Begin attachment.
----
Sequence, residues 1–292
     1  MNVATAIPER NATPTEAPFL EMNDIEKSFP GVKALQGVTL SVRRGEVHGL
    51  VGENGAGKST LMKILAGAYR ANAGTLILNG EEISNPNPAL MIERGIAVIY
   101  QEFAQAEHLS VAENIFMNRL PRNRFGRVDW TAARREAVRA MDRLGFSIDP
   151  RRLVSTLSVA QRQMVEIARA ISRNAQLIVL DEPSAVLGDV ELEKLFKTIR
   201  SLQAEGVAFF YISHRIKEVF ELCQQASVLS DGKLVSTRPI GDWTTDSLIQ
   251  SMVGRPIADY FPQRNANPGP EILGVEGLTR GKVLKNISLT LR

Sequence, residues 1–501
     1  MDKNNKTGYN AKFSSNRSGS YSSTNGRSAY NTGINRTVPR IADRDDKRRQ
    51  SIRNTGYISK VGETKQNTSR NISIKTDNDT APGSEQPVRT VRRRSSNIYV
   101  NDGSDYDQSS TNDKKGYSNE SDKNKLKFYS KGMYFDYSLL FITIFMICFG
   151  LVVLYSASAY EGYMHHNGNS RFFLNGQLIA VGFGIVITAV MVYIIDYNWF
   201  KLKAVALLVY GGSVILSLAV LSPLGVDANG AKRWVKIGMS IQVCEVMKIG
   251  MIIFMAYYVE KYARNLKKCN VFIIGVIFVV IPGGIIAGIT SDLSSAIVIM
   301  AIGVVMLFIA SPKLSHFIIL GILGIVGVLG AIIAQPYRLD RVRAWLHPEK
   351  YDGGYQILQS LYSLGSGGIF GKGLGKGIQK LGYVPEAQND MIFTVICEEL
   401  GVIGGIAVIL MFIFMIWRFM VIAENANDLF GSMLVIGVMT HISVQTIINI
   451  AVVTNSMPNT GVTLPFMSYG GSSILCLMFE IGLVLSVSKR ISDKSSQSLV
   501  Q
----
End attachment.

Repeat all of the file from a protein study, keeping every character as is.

Sequence, residues 1–292
     1  MNVATAIPER NATPTEAPFL EMNDIEKSFP GVKALQGVTL SVRRGEVHGL
    51  VGENGAGKST LMKILAGAYR ANAGTLILNG EEISNPNPAL MIERGIAVIY
   101  QEFAQAEHLS VAENIFMNRL PRNRFGRVDW TAARREAVRA MDRLGFSIDP
   151  RRLVSTLSVA QRQMVEIARA ISRNAQLIVL DEPSAVLGDV ELEKLFKTIR
   201  SLQAEGVAFF YISHRIKEVF ELCQQASVLS DGKLVSTRPI GDWTTDSLIQ
   251  SMVGRPIADY FPQRNANPGP EILGVEGLTR GKVLKNISLT LR

Sequence, residues 1–501
     1  MDKNNKTGYN AKFSSNRSGS YSSTNGRSAY NTGINRTVPR IADRDDKRRQ
    51  SIRNTGYISK VGETKQNTSR NISIKTDNDT APGSEQPVRT VRRRSSNIYV
   101  NDGSDYDQSS TNDKKGYSNE SDKNKLKFYS KGMYFDYSLL FITIFMICFG
   151  LVVLYSASAY EGYMHHNGNS RFFLNGQLIA VGFGIVITAV MVYIIDYNWF
   201  KLKAVALLVY GGSVILSLAV LSPLGVDANG AKRWVKIGMS IQVCEVMKIG
   251  MIIFMAYYVE KYARNLKKCN VFIIGVIFVV IPGGIIAGIT SDLSSAIVIM
   301  AIGVVMLFIA SPKLSHFIIL GILGIVGVLG AIIAQPYRLD RVRAWLHPEK
   351  YDGGYQILQS LYSLGSGGIF GKGLGKGIQK LGYVPEAQND MIFTVICEEL
   401  GVIGGIAVIL MFIFMIWRFM VIAENANDLF GSMLVIGVMT HISVQTIINI
   451  AVVTNSMPNT GVTLPFMSYG GSSILCLMFE IGLVLSVSKR ISDKSSQSLV
   501  Q